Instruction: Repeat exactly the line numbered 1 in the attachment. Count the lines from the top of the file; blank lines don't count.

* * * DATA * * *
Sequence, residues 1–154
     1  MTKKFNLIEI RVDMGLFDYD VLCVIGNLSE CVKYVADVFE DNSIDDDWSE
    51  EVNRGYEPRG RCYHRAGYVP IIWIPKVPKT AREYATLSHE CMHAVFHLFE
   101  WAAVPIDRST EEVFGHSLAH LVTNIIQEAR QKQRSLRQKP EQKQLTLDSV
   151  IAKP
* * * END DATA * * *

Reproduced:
Sequence, residues 1–154